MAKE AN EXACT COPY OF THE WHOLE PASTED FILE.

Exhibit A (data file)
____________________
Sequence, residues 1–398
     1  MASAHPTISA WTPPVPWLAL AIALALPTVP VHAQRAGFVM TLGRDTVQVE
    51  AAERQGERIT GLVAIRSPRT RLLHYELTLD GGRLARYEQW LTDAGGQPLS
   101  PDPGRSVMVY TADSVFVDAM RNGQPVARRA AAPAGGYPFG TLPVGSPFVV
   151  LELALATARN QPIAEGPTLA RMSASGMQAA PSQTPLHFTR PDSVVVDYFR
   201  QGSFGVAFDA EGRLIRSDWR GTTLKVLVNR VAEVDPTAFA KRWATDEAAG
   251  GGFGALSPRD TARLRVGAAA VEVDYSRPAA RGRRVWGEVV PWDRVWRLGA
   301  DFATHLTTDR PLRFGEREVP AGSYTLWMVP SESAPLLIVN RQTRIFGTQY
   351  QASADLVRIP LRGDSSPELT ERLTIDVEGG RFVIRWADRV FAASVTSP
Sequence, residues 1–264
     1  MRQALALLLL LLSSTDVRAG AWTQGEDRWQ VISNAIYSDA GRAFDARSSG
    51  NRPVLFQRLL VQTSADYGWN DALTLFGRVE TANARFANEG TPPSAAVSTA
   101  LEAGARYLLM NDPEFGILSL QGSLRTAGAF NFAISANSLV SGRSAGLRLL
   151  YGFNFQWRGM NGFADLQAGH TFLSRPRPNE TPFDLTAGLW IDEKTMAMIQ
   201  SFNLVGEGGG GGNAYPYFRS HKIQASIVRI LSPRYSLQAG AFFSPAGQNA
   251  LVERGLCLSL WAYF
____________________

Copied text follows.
Sequence, residues 1–398
     1  MASAHPTISA WTPPVPWLAL AIALALPTVP VHAQRAGFVM TLGRDTVQVE
    51  AAERQGERIT GLVAIRSPRT RLLHYELTLD GGRLARYEQW LTDAGGQPLS
   101  PDPGRSVMVY TADSVFVDAM RNGQPVARRA AAPAGGYPFG TLPVGSPFVV
   151  LELALATARN QPIAEGPTLA RMSASGMQAA PSQTPLHFTR PDSVVVDYFR
   201  QGSFGVAFDA EGRLIRSDWR GTTLKVLVNR VAEVDPTAFA KRWATDEAAG
   251  GGFGALSPRD TARLRVGAAA VEVDYSRPAA RGRRVWGEVV PWDRVWRLGA
   301  DFATHLTTDR PLRFGEREVP AGSYTLWMVP SESAPLLIVN RQTRIFGTQY
   351  QASADLVRIP LRGDSSPELT ERLTIDVEGG RFVIRWADRV FAASVTSP
Sequence, residues 1–264
     1  MRQALALLLL LLSSTDVRAG AWTQGEDRWQ VISNAIYSDA GRAFDARSSG
    51  NRPVLFQRLL VQTSADYGWN DALTLFGRVE TANARFANEG TPPSAAVSTA
   101  LEAGARYLLM NDPEFGILSL QGSLRTAGAF NFAISANSLV SGRSAGLRLL
   151  YGFNFQWRGM NGFADLQAGH TFLSRPRPNE TPFDLTAGLW IDEKTMAMIQ
   201  SFNLVGEGGG GGNAYPYFRS HKIQASIVRI LSPRYSLQAG AFFSPAGQNA
   251  LVERGLCLSL WAYF